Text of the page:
But there's a problem. Sawyer can't track a boar to save his life. We know this because Kate tracks Sawyer and tells him that he's been tracking humans, rock slides and himself for more than an hour. Kate offers her tracking services -- in return she asks for "carte blanche" at Sawyer's General Store. Anytime she wants anything, be it soap or acting ability, Sawyer needs to cough it up with no questions asked. Sawyer agrees.

And so Sawyer and Kate head off in search of a boar. And they don't find a boar. What they find instead is an opportunity to stage a deeply intuitive and revelatory nighttime conversation next to a roaring fire.

The fire scene is ridiculous. Sawyer produces a wee liquor bottle (one of those bottles you get on an airplane) and starts taking sips. Kate expresses interest. Sawyer says the only way he'll hand over the goods is if she'll engage in a game of "I Never."

Sawyer wants to a play a drinking game. In the jungle. At night. And Kate goes for it.

For those of you who had productive college experiences, "I Never" is a simple game where a group of people say things like "I never kissed my dog on the mouth" or "I never cook in the nude." If the other players never did these things, then they do nothing. If they have engaged in these activities, they take a drink.

I'm going to avoid a blow-by-blow recollection of the Kate-Sawyer contest. Instead, here are the key character revelations:

  • Kate has been in love. Sawyer has not.

  • Kate was briefly married. Sawyer has never been married.

  • Kate didn't go to college. Neither did Sawyer.

  • And now the big one: Both Kate and Sawyer have killed a man.
Important Drinking Game Note: Speaking from personal experience, I can assure everyone that most games of "I Never" do not end with admissions of murder. Just so we're clear.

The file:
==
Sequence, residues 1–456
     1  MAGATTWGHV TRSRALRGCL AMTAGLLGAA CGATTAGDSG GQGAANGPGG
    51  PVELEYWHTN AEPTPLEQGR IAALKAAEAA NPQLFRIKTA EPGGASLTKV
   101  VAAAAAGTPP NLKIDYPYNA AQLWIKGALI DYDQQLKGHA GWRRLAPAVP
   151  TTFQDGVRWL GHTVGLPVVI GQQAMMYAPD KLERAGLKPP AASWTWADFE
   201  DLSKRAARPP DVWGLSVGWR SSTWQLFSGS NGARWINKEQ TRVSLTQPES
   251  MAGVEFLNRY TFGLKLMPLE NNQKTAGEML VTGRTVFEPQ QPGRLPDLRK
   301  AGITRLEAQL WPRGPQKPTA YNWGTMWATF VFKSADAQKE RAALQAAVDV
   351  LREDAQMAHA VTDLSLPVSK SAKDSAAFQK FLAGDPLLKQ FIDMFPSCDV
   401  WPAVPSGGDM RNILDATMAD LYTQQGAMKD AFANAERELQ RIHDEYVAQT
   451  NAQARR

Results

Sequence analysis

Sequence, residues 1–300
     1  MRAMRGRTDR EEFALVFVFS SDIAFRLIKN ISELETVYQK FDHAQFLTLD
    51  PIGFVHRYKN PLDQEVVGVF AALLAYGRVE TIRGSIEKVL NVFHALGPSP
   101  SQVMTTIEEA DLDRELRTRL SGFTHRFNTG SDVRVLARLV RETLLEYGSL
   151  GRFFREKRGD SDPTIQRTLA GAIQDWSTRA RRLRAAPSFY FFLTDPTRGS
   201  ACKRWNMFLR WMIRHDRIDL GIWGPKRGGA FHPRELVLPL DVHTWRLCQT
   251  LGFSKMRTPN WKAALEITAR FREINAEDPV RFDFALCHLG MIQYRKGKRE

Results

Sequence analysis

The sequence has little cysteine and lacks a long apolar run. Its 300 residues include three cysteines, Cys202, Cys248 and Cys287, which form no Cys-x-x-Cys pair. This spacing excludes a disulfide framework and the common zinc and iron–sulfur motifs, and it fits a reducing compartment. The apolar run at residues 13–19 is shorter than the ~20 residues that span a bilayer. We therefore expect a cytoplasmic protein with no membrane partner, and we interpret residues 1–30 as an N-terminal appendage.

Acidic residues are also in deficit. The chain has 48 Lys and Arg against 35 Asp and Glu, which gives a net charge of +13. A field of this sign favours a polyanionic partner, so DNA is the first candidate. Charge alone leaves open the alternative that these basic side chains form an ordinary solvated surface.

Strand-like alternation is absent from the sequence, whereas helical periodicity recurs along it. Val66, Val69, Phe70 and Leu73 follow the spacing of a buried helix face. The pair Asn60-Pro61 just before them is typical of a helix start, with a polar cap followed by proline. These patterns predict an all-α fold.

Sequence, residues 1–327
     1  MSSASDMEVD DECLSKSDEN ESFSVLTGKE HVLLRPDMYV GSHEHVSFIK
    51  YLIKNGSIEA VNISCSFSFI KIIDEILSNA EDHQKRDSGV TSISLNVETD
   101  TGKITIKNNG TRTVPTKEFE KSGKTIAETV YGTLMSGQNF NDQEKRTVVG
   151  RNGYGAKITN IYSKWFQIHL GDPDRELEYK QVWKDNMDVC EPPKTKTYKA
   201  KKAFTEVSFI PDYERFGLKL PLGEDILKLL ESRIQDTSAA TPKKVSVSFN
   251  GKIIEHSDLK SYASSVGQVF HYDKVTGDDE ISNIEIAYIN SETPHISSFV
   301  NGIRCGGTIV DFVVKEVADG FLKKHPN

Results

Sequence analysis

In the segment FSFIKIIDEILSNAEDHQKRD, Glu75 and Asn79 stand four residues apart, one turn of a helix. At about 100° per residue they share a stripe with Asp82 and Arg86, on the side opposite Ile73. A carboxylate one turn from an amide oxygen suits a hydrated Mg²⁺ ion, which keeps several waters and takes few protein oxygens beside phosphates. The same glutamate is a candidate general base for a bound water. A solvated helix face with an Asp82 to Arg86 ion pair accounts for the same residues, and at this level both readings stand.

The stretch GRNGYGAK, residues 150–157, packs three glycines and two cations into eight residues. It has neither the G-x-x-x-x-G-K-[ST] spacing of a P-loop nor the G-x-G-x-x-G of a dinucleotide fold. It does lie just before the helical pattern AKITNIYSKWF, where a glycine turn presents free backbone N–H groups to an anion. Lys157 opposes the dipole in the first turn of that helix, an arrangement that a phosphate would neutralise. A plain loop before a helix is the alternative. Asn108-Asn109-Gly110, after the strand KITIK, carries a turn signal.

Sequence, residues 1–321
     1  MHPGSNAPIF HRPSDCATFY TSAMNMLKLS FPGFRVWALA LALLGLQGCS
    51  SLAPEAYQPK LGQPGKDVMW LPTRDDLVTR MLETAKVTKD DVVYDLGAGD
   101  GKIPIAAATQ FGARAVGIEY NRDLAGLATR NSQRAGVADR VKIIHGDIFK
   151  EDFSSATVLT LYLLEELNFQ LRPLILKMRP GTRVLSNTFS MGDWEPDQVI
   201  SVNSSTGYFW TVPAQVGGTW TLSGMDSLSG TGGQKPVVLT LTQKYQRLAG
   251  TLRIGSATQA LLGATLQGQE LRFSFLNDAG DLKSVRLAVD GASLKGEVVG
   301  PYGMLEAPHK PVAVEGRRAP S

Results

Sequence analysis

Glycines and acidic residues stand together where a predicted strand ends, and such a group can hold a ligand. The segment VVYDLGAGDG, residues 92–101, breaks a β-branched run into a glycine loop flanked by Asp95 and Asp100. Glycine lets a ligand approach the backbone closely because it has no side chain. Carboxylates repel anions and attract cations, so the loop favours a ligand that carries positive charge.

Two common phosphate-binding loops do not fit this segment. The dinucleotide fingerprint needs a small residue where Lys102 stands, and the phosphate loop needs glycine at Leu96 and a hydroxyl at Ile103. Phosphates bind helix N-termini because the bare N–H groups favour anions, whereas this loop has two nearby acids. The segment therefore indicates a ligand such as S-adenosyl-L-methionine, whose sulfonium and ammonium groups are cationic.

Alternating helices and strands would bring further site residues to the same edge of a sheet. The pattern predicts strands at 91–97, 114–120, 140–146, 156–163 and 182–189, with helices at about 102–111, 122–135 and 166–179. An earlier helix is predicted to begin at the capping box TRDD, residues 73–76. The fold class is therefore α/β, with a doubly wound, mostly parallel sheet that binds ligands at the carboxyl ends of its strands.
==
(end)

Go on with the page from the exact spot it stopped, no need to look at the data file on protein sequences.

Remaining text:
With this homicidal sour note lingering in the air, the torturous "I Never" scene ends and we're finally able to get on with the plot. Actual events transpire the next morning when Sawyer and Kate wake (separately) to find that a boar has snuck into camp and methodically ransacked Sawyer's supplies. Kate's stuff wasn't touched.

At that very moment, nearby rustling catches Sawyer's attention. He pulls out his gun and takes aim ... and out walks Locke with a big piece of fruit shoved in his mouth. Sawyer lowers his gun and Locke cheerfully tromps out of the brush. Noticing the disheveled camp, Locke asks what happened. Sawyer describes the stalking boar. Locke responds by telling a story about his dead sister.

That's right. Locke launches into the tale of his sibling Jeannie, who died as a child when she fell off the monkey bars. His foster mother was so despondent she refused to eat or sleep, believing it was her fault Jeannie fell. Six months later, a golden retriever walks directly into Locke's home and sits in front of the mother. Mother and dog stare at each other intently. Suddenly, the mother bursts into tears. The dog remained with them for the next five years, all the while sleeping on Jeannie's old bed. When the mother died, the dog left. In the end, Locke says his mother believed the dog was Jeannie, who had returned to "let her off the hook" for the accident.

When he finishes telling this story, Locke looks directly at Sawyer. His gaze clearly says: "Dude, the boar is a metaphor for your past. Figure it out, dumbass."